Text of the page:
And for Judy, the thrills will keep on coming. Representing the United States in the 1996 Paralympics was "an incredible honor." Now her sights are set on making the team for the 2000 Paralympics in Sydney - an especially tough goal because there will be nearly two-thirds fewer track and field slots than there were at the 1996 competition in Atlanta.

But achieving goals - and setting examples - is much of what Judy Siegle is about. "We have so many opportunities for leading full lives - whether it's learning how to cook or expanding your vocabulary or being one of the top three quadriplegic women in the world in an athletic event. I love encouraging others who are physically challenged - encouraging them in life and encouraging them in faith."

It's just two days before the 20th anniversary of Judy's auto accident. She's well aware of this fact but maintains that the date will come and go as just another day. "Though I've been physically challenged for 20 years - in fact it will be 20 years August 11 - I've come to learn that everyone has challenges," she explains.

Book titles in Judy's tidy, one-bedroom apartment in downtown Fargo tell much of how she has responded to her challenges: "When Go Whispers Your Name, Celebration of Discipline, I'm Running to Win, The Wonderful Spirit-Filled Life."

Her mementos include photos from Romania, where she participating in a ‘Wheels for the World' trip in October 1998. The trip was part of the ministry of Joni Eareckson Tada, a quadriplegic since 17 who wants to deliver the gospel message to people with disabilities. In Bucharest and Craiova, Romania, 150 wheelchairs and Bibles were delivered to disabled persons. Judy, besides serving as a spiritual inspiration, helped teach the Romanians how to maneuver on ramps and steps in their wheelchairs.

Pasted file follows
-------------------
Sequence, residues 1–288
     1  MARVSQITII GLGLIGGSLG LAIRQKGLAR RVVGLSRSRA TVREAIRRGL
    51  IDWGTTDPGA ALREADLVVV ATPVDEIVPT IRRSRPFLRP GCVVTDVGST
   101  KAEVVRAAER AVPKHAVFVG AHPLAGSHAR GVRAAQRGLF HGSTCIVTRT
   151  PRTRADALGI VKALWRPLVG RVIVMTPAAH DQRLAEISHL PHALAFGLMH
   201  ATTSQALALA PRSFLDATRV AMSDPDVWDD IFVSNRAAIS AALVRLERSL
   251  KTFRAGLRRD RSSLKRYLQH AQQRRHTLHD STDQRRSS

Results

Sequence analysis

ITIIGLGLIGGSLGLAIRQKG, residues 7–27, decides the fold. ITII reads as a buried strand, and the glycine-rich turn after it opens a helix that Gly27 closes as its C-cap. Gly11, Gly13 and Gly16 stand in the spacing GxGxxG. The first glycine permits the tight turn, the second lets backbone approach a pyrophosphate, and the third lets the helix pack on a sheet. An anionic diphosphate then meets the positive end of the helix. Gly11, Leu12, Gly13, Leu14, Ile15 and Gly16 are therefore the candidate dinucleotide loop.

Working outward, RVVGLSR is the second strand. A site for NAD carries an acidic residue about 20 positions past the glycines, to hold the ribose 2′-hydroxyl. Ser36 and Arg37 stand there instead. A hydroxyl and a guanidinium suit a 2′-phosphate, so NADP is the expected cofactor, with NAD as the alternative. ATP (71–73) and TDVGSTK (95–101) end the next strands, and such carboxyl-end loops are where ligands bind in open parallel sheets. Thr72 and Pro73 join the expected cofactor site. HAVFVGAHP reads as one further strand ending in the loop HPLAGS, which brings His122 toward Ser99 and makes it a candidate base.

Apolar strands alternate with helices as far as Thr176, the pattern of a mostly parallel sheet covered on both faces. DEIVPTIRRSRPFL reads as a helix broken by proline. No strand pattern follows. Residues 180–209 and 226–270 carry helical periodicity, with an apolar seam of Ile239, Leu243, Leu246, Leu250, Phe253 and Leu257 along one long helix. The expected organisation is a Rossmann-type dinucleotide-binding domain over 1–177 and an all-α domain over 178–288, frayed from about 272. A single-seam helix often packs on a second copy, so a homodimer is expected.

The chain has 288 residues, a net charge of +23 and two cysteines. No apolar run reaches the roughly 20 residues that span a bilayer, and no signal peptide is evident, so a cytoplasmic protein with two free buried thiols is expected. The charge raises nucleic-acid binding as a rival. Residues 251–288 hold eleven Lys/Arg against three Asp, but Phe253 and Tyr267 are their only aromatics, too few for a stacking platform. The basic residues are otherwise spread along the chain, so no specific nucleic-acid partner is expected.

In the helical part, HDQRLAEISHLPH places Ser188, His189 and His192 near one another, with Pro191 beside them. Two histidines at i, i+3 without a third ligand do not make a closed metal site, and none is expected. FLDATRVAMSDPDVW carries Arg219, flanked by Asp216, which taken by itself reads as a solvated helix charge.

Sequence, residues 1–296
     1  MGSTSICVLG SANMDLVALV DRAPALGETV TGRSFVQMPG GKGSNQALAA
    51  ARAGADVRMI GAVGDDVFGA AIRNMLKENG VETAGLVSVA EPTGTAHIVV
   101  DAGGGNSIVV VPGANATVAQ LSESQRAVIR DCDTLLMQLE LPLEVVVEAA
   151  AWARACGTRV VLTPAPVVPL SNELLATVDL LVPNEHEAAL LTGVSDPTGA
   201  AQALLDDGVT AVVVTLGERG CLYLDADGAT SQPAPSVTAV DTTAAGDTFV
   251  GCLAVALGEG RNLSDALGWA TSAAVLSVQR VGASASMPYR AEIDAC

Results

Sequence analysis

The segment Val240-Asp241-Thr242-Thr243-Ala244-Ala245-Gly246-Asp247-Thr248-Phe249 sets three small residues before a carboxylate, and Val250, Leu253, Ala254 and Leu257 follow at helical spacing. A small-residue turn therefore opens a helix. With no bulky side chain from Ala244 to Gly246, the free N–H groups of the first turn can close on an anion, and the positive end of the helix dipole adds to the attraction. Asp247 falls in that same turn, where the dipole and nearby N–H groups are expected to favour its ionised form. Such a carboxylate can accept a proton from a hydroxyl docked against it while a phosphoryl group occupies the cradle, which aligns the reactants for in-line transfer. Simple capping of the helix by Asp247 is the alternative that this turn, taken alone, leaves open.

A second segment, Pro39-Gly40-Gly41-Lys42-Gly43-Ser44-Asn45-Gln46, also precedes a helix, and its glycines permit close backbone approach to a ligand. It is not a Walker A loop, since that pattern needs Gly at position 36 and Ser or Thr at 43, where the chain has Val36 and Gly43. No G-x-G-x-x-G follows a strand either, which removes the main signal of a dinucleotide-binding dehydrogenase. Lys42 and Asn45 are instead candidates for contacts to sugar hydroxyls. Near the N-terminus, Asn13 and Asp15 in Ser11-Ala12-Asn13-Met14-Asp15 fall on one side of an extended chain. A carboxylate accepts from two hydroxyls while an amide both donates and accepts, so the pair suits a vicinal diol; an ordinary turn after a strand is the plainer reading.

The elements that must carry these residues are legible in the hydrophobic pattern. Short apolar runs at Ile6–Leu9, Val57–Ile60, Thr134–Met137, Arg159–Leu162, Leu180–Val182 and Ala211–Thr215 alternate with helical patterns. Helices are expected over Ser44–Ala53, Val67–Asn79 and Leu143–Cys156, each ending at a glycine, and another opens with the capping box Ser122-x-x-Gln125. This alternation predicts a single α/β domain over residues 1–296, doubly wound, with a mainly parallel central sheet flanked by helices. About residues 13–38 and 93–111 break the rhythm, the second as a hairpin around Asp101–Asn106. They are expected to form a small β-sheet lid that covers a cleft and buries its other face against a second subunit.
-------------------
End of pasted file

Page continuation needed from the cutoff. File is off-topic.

"In my struggle for independence," Judy says, "I've learned a lot about my dependence on God."

Judy's life honors one of her favorite quotes, a passage from a book by Elisabeth Elliot: "Wherever you are, be all there. Live to the hilt every situation you believe to be the will of God."

Racing in a wheelchair against world-class athletes. Touching the hand of a physically challenged hospital patient. Walking with crutches to a speaker's podium. "Wherever you are..."

When Judy recites the words, her admiration for them - her belief in them - is unmistakable in her voice. But she's quick to add, "I don't always know what the will of God is from day to day. But this is where God has got me today, and so I want to be all there and put myself into what I'm doing and who I'm with. And I do it with a grateful heart."

Judy with her sister, Susan Richards, and their mother, Faye, at a send-off rally before the 1996 Paralympics.

A Romanian woman who received a wheelchair in the 1998 "Wheels for the World" ministry trip.

Whether pulling left, or pushing, right, Judy's training includes working out with weights three days a week at a fitness center. "I'm training at an elite level," she says.